Face Up Online: Organic Gardening
Digging into a new concept.
The August-September cover of Organic Gardening showcases a very different approach for a gardening and lifestyle magazine. The cover is completely illustrated by Peter Donnelly, right down to a redrawing of the logotype. With its simple, bold colors and whimsical style, the illustrated cover feels more like something from a children's book than a gardening magazine, but that's just fine with me. I think it's a bright, bold and forward-looking statement, a design that sets the magazine apart as distinctive and original. Its style feels homespun and yes, organic, and just right for a magazine that has cover lines about bees, honey and sustainable wearables. I can imagine that this strikes a positive note with potential readers when they see it in the checkout aisles at Whole Foods or their local health food store or food co-op.
Still, I have to ask: What's going on here? Has Organic Gardening decided that it's the natural lifestyle version of The New Yorker? I love the magazine's recent cover illustrations, and they do remind me of some of the beautiful New Yorker covers from the 1960s and 70s, before their covers got much cooler and more topical. The past two Organic Gardening overs are so striking that they should be turned into posters.
Organic Gardening started running illustrated covers with their April/May 2013 issue. They've done a couple more since then, most recently on the June/July 2014 cover, which featured a beautiful illustration of a woman holding a bowl of fruit, created by Denise Hilton Campbell. That illustration was delicate and lyrical, with floating butterflies and a good deal of the logo obscured by the woman's head and tree leaves. Magazine art director Susan Eugster has shown considerable skill at assigning the art for these recent covers and designing them in a very elegant format. I score these last two Organic Gardening covers as two of the best and most original American magazine covers this year.
However, let's hope the magazine's creative team sticks with this new illustrated format. For the past year, Organic Gardening swung wildly between varieties of cover designs. Those covers have gone from full-page photographs to illustrations to a chock-a-block grid of images. And they rotate between putting all the cover lines above the logo (which I like a lot) and running one main headline more prominently. All of these covers individually are very well done and quite beautiful in their execution. But together it's a jumble, and looks like a magazine in search of an identity (or struggling for newsstand sales). It may be that we've been watching a magazine go through a challenging and experimental phase to reach what is a very holistic cover design approach.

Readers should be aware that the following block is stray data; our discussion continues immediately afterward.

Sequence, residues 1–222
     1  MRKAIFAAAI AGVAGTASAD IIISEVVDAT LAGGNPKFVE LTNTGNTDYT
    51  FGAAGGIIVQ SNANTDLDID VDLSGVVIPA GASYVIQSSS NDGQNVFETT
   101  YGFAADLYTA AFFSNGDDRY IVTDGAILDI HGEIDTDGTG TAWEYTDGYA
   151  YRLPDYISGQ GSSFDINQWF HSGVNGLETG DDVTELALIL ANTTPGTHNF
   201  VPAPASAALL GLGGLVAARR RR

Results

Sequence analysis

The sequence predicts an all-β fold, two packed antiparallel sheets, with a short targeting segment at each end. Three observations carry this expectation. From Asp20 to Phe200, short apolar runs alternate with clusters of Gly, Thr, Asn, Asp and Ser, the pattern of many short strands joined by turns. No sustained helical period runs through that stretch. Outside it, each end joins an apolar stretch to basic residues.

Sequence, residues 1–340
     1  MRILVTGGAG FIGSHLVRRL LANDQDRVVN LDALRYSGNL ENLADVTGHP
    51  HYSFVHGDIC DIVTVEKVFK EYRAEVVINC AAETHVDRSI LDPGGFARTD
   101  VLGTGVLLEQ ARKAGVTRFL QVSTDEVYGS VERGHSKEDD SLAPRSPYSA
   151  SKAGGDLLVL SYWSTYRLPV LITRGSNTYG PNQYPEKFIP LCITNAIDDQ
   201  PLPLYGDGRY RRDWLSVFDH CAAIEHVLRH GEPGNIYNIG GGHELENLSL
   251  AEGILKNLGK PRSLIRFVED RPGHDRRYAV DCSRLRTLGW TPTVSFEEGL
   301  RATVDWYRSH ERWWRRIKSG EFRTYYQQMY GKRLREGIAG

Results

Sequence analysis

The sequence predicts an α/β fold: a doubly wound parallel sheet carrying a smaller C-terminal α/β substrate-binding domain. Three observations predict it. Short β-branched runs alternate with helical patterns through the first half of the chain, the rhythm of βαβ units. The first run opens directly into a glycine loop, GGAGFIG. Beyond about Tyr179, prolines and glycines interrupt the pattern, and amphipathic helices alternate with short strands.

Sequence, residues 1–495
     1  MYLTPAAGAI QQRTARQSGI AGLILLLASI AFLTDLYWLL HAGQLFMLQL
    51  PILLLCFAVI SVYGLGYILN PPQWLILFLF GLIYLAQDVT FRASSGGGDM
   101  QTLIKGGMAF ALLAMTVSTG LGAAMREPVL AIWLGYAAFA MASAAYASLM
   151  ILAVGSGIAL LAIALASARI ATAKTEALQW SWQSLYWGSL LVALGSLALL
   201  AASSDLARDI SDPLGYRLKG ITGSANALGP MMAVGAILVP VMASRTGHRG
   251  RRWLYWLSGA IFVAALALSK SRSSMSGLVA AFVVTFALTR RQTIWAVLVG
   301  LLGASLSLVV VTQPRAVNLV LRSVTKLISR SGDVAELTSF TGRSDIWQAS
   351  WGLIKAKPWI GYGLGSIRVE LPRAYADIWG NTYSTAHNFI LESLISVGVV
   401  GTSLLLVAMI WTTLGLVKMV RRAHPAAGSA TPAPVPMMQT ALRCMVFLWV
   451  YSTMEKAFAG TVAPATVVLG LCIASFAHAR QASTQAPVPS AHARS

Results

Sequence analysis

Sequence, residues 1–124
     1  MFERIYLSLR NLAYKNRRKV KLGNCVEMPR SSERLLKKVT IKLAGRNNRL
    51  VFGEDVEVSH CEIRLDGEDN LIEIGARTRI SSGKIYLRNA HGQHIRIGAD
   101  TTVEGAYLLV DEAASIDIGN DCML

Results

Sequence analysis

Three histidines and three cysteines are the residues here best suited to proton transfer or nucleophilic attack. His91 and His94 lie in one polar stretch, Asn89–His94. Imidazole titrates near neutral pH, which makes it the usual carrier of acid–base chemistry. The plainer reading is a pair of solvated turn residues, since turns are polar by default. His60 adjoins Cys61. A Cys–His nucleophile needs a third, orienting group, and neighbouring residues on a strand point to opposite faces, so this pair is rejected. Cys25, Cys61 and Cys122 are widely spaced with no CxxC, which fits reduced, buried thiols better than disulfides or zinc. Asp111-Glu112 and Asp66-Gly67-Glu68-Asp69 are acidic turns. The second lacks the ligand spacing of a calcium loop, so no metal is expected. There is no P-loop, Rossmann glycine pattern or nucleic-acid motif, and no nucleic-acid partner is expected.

With the exception of the New Yorker, these days it's rare to find a magazine that will use illustration on the cover this aggressively. Politically oriented publications like Mother Jones and The Nation, and even occasionally Time use cover illustrations, but they tend to be caricatures or portraits. You have to reach back to the old Reader's Digest covers pre-1970 to find something this beautiful. Of course, there was a time from the 1920s-50s that magazines almost always featured sophisticatedly illustrated covers. This latest Organic Gardening cover is a throwback to that time, although the style of the artwork is highly contemporary.
And that might be the key to this current Organic Gardening look. It feels classic, old school, rooted in tradition, and as noted before, very organic in its presentation. Yet the style of the design and artwork is very contemporary, so it doesn't feel nostalgic or retro. There's a blog on the Organic Gardening website by Maria Rodale, who is chairman and CEO of the magazine's parent company. Her blog's mission statement includes "instilling a sense of responsibility about making the world a better place, respecting nature, and doing it all with a good strong dose of love." This could very well be a mission statement for Organic Gardening, and their new illustrated cover design advances it perfectly.
-- Robert Newman was most recently the creative director of Reader's Digest. He has been the creative director of Real Simple and the design director at Entertainment Weekly, New York, Details, Vibe, Fortune, The Village Voice, and Guitar World. He was also the editor of The Rocket, a music and culture magazine based in Seattle. Visit his site and and follow him on Twitter: @Newmanology.
Post Comment / Discuss This Blog - Info/Rules